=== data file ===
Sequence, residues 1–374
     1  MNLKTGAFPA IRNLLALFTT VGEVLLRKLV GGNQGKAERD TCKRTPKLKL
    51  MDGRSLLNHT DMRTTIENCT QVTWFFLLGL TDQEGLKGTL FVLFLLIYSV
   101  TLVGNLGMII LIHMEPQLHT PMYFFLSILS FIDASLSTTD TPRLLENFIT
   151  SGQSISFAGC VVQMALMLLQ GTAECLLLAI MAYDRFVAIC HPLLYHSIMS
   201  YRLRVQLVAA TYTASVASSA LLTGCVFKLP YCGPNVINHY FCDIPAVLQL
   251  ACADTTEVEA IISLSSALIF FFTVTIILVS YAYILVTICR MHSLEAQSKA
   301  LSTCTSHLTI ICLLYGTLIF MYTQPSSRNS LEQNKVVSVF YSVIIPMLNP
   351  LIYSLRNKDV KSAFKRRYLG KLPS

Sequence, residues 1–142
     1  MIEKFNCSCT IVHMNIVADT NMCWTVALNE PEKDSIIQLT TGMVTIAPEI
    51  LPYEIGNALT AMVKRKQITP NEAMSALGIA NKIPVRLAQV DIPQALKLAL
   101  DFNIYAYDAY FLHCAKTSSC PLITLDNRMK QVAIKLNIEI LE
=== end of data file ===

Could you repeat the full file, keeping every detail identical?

Sequence, residues 1–374
     1  MNLKTGAFPA IRNLLALFTT VGEVLLRKLV GGNQGKAERD TCKRTPKLKL
    51  MDGRSLLNHT DMRTTIENCT QVTWFFLLGL TDQEGLKGTL FVLFLLIYSV
   101  TLVGNLGMII LIHMEPQLHT PMYFFLSILS FIDASLSTTD TPRLLENFIT
   151  SGQSISFAGC VVQMALMLLQ GTAECLLLAI MAYDRFVAIC HPLLYHSIMS
   201  YRLRVQLVAA TYTASVASSA LLTGCVFKLP YCGPNVINHY FCDIPAVLQL
   251  ACADTTEVEA IISLSSALIF FFTVTIILVS YAYILVTICR MHSLEAQSKA
   301  LSTCTSHLTI ICLLYGTLIF MYTQPSSRNS LEQNKVVSVF YSVIIPMLNP
   351  LIYSLRNKDV KSAFKRRYLG KLPS

Sequence, residues 1–142
     1  MIEKFNCSCT IVHMNIVADT NMCWTVALNE PEKDSIIQLT TGMVTIAPEI
    51  LPYEIGNALT AMVKRKQITP NEAMSALGIA NKIPVRLAQV DIPQALKLAL
   101  DFNIYAYDAY FLHCAKTSSC PLITLDNRMK QVAIKLNIEI LE